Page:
3. It Might Run In The Family
A literature review focusing on both NES and SRED from 2006 noted that familial relationships have been observed in some SRED cases. So, if you have a family member who has dealt with sleep-eating, that might at least partially explain why you might be dealing with it, too: It could just be genetics.
4. If You Sleepwalk, It Might Have Something To Do With That
According to the Mayo Clinic, SRED frequently occurs in people who also have a history of sleepwalking, which means it’s possible that — if you both sleepwalk and sleep-eat — whatever’s responsible for your sleep-eating might be connected to whatever’s causing your sleepwalking.
Of course, that doesn’t really narrow the field much; sleepwalking can be caused by a wide variety of factors, including sleep deprivation, stress, fever, or other temporary sleep disruptions, or by something longer-term, like sleep-disordered breathing (sleep apnea, for example), substance use, or restless legs syndrome. If you have a pretty good idea of what causes your own sleepwalking, though, it might be worth running it by a doctor to see if they think it might also be a cause for your SRED.
5. It Might Be Related To Medications You’re Taking
According to the American Academy of Sleep Medicine’s online resource Sleep Education, SRED can “result from the use of certain medications,” particularly those used as treatment for other sleep issues or for depression. Indeed, a case study from 2013 found that sleep-eating was associated with zolpidem, a drug which is used to treat insomnia. The patient’s SRED ceased after the use of zolpidem was discontinued. What's more, an earlier study from 1991 by the same researchers also found that onset of SRED was connected to abuse of triazolam, another insomnia medication.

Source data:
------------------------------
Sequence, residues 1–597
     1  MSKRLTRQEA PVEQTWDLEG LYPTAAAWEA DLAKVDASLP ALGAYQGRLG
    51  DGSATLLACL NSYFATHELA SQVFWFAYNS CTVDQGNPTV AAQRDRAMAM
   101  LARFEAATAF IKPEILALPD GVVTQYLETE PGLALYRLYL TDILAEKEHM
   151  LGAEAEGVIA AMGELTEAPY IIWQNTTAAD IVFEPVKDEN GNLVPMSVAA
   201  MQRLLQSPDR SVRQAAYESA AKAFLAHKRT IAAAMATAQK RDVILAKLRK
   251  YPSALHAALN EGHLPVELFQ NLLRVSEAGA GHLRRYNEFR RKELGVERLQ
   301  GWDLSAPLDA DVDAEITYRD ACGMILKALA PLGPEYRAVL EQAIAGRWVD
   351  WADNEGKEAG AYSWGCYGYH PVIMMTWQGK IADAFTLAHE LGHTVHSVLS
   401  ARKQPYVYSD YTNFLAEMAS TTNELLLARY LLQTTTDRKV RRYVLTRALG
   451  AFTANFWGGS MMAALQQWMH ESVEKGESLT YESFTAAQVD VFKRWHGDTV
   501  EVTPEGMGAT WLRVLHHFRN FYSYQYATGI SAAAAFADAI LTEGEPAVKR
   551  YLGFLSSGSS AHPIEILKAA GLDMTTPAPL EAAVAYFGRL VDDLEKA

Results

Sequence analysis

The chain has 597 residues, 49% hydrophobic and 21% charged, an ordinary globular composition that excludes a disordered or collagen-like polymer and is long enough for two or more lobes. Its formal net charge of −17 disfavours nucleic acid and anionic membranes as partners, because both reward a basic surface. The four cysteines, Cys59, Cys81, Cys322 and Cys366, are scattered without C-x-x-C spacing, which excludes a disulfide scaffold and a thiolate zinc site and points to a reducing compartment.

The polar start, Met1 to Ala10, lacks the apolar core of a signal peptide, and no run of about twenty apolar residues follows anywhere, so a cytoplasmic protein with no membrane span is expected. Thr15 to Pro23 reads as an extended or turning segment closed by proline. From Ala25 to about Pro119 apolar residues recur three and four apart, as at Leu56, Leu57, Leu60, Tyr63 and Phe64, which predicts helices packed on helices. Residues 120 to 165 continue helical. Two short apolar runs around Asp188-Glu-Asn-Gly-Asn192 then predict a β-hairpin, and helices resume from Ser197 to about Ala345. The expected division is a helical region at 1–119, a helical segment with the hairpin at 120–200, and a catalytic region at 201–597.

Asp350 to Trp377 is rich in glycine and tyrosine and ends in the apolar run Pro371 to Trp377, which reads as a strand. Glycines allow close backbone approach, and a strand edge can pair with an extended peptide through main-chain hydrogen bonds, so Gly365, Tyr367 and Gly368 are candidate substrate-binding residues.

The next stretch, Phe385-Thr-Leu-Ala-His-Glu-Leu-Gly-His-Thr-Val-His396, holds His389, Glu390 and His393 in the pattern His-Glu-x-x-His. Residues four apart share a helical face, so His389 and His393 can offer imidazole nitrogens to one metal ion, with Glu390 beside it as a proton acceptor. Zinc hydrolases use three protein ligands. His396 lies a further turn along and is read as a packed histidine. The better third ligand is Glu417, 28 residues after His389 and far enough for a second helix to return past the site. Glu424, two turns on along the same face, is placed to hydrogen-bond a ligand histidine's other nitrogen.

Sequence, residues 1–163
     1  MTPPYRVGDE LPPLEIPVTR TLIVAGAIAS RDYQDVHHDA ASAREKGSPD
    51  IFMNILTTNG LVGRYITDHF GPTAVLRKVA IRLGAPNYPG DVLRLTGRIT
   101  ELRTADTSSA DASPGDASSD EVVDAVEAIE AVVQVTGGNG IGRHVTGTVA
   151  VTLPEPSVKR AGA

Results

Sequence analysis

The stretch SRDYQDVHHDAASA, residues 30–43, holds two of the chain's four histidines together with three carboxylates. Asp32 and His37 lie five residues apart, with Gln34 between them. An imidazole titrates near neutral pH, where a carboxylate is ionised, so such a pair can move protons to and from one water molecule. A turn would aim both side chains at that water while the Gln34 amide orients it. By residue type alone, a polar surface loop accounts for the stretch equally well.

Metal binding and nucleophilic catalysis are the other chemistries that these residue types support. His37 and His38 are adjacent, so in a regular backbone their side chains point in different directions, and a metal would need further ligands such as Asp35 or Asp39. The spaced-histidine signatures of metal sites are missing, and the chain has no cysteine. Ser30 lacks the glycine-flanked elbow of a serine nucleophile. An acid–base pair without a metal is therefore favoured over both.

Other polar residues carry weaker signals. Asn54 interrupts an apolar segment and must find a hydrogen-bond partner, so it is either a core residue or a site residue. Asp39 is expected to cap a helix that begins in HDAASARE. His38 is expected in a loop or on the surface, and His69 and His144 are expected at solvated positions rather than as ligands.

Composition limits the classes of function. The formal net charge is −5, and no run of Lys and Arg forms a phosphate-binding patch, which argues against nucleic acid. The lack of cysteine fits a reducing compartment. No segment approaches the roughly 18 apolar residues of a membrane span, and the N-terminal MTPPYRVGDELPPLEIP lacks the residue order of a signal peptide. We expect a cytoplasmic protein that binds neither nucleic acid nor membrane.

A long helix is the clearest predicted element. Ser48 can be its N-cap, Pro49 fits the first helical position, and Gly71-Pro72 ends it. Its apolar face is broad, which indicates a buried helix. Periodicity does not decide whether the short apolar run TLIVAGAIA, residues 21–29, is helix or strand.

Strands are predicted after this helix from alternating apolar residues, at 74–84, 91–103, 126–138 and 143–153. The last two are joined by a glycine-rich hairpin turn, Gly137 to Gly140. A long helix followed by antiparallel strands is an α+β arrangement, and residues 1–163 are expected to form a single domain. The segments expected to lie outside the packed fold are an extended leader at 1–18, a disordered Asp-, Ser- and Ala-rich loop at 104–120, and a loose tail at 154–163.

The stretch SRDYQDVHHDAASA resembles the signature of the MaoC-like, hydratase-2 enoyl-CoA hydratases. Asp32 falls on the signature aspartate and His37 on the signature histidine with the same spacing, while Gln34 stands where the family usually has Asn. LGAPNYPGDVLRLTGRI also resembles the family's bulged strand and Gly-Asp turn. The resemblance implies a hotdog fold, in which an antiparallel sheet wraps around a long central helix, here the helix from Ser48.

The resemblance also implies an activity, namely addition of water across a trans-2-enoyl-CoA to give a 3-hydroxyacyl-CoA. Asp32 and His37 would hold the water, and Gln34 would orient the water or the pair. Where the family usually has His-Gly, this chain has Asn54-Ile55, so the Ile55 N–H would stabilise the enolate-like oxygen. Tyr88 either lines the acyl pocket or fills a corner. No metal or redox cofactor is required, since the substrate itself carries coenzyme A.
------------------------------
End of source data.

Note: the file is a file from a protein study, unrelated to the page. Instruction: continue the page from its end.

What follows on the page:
Again, if you think you’re experiencing SRED, check with your doctor about whether it could be related to any other medications you’re taking.
6. It Might Be Connected To Substance Abuse Withdrawal
According to a study from 1993 — one of the first serious studies done on SRED — the onset of sleep-related eating was found to be linked with both “abstinence from alcohol and opiate/cocaine abuse” and “cessation of cigarette smoking.” If you’ve recently quit using a particular substance and find you’ve developed sleep-eating habits, the two might be connected.
7. It Could Be A Stress Reaction
That same 1993 study also found onset of sleep-related eating to be associated with “acute stress involving reality-based concerns about the safety of family members or about relationship problems.” Stress management strategies and a good therapist might be worth looking into as part of a treatment plan in this case.
8. It Might Be Related To Another Health Issue
The 1991 study that found a connection between SRED and abuse of triazolam also noted that onset of SRED was “linked directly” with the onset of chronic autoimmune hepatitis — an inflammation of the liver that can result from your body’s immune system “turning against your liver cells,” according to the Mayo Clinic — and encephalitis, an inflammation in the brain typically caused by a viral infection. Other sleep disorders have also been noted in SRED patients. Chances are that if you're dealing with SRED, it's not an isolated issue.
If you think you might be experiencing SRED — or any other sleep disorder, for that matter — it's definitely worth finding a sleep specialist to help you get the diagnosis and treatment you need. The American Academy of Sleep Medicine's Sleep Education site can aid in locating an accredited sleep facility near you. Don't hesitate to reach out for help; everyone deserves to get a good night's sleep.